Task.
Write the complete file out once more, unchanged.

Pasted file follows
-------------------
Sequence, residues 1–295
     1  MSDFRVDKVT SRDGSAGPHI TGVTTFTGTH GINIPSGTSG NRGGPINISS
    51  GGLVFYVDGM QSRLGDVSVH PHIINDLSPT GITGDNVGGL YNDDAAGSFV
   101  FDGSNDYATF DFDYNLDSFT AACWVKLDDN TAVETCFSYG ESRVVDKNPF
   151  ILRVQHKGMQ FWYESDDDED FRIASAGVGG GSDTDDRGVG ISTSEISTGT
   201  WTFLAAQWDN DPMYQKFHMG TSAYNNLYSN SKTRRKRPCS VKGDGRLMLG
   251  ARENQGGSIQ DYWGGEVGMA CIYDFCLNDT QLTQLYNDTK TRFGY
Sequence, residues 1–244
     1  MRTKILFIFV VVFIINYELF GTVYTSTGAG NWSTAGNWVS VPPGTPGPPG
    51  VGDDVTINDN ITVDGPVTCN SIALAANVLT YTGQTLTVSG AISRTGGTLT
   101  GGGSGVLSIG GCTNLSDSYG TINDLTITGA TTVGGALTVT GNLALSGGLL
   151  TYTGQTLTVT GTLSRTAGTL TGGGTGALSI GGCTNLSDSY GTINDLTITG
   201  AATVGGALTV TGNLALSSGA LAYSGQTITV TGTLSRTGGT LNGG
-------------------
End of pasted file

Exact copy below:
Sequence, residues 1–295
     1  MSDFRVDKVT SRDGSAGPHI TGVTTFTGTH GINIPSGTSG NRGGPINISS
    51  GGLVFYVDGM QSRLGDVSVH PHIINDLSPT GITGDNVGGL YNDDAAGSFV
   101  FDGSNDYATF DFDYNLDSFT AACWVKLDDN TAVETCFSYG ESRVVDKNPF
   151  ILRVQHKGMQ FWYESDDDED FRIASAGVGG GSDTDDRGVG ISTSEISTGT
   201  WTFLAAQWDN DPMYQKFHMG TSAYNNLYSN SKTRRKRPCS VKGDGRLMLG
   251  ARENQGGSIQ DYWGGEVGMA CIYDFCLNDT QLTQLYNDTK TRFGY
Sequence, residues 1–244
     1  MRTKILFIFV VVFIINYELF GTVYTSTGAG NWSTAGNWVS VPPGTPGPPG
    51  VGDDVTINDN ITVDGPVTCN SIALAANVLT YTGQTLTVSG AISRTGGTLT
   101  GGGSGVLSIG GCTNLSDSYG TINDLTITGA TTVGGALTVT GNLALSGGLL
   151  TYTGQTLTVT GTLSRTAGTL TGGGTGALSI GGCTNLSDSY GTINDLTITG
   201  AATVGGALTV TGNLALSSGA LAYSGQTITV TGTLSRTGGT LNGG